As of November, Boeing reports there are currently 74 operators worldwide using its AHM system in their fleet operations. That’s up from 58 operators in 2013. Nearly 20 percent of Avionics Magazine data acquisition survey respondents have used Boeing’s AHM system as well. The airframe manufacturer is always looking to improve this solution, as with Boeing’s introduction of the “AHM Notify” application for iPhone and iPad access to the system earlier this year.
“Depending on their infrastructure capabilities associated with the airplane, airlines can use automatic uplinks or manually download operational data as needed. Boeing can also work with airlines to utilize this data for prognostic analysis of airplane systems and components,” says Mike Hurd, program manager for Boeing Airplane Health Solutions. “Boeing AHM Notify can be used by maintenance controllers, line maintenance supervisors, dispatchers, airline managers and aviation suppliers who need to be aware of high priority maintenance issues as they happen. AHM Notify for iPhone and iPad provides the ability to view, manage and disposition Boeing Airplane Health Management fault and alert information on a mobile device.”
Another big provider of aircraft data acquisition technology for operational efficiency purposes is Taleris, the joint venture established between GE Aviation and Accenture in 2012 aimed at delivering data-driven value to help operators avoid operational disruptions and drive down costs in areas of maintenance, crew logistics and aircraft movement. When considering upgrading for data acquisition purposes, Mark Thomson, program manager for GE Aviation’s Integrated Vehicle Health Management System (IVHM), gives advice based on the company’s recent experience having its IVHM — rebranded as the PlaneConnectHTM — on the Gulfstream G650. Thomson has found that there is value in how aircraft data measures the in-flight performance of systems and different components.
“We’ve got this ground services network, which is branded as Plane Connect HTM and there are hundreds of logins between Gulfstream, and various 650 operators that allow everybody to basically be able to see the same thing on the same day on a given flight,” says Thomson. “It’s kind of surprising how far the logins go beyond what we initially conceived. People have found it’s helpful in engineering and a number of operational activities. You build it with a definite intention but find there’s a lot more uses for it.”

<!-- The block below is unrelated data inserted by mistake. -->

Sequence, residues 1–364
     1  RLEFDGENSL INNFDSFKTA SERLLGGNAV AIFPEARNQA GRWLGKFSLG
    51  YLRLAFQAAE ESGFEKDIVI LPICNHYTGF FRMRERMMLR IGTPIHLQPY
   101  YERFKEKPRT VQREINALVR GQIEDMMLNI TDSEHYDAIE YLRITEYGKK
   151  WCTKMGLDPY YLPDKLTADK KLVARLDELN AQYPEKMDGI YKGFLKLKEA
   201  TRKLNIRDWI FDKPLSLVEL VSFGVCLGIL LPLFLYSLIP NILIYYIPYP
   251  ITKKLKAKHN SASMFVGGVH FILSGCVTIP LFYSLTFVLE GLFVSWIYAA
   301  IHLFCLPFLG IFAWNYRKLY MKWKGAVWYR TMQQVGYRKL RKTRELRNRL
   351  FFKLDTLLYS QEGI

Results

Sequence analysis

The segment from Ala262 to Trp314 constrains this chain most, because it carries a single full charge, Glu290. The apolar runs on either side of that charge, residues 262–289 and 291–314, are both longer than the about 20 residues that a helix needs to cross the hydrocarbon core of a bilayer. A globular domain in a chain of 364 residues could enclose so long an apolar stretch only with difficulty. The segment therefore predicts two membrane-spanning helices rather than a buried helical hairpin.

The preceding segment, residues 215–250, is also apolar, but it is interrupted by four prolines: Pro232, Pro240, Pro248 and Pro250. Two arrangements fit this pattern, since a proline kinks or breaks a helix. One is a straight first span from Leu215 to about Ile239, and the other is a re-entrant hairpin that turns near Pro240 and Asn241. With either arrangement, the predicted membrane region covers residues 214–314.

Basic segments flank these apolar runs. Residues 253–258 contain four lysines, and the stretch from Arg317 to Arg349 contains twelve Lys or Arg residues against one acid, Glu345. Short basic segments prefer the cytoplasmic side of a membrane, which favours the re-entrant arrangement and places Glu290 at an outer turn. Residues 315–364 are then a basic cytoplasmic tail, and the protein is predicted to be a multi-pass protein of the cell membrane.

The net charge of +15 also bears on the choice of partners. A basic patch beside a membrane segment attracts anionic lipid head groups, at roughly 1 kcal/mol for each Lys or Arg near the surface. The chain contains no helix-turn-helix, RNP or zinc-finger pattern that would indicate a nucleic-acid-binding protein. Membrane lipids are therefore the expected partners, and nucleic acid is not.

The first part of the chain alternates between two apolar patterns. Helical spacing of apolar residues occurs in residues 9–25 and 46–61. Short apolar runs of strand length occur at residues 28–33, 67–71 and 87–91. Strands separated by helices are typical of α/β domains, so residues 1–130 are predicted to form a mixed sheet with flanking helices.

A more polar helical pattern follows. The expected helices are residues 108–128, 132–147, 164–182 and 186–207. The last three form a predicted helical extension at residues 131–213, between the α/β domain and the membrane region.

Thompson also adds that airline operators should consider all of the different aspects of their team that can gain value from near real-time delivery of data when considering adding new hardware or software components to their operations. Jeff Peterson, director of marketing for Taleris, says the joint venture has also gained experience from providing its web-based prognostics service for Etihad Airways. The Middle Eastern carrier originally partnered with Taleris in late 2013 to use the web-based prognostics service to continuously analyze data from multiple sensors on its aircraft components and systems to warn of imminent problems. The results of that partnership, according to Peterson, have been a reduction of unscheduled maintenance, fewer delays and cancellations and a reduction in maintenance costs and improved on-time performance.
“Our focus for all of our offerings from the pairings to the recovery to the prognostics is really around managing the gap,” says Peterson. ”Airlines are fantastic at planning their schedules. Managing the revenue, building their routes, their plan, they have it drilled down to the minute-by-minute progress of every flight to maximize their revenue and produce an incredibly optimized plan. But that plan never goes as planned, there’s always weather events, disruptions, delays. That gap is where Taleris can have a major impact, helping operators address the unexpected by delivering value-driven data acquisition processes.”
Beyond Operations and Monitoring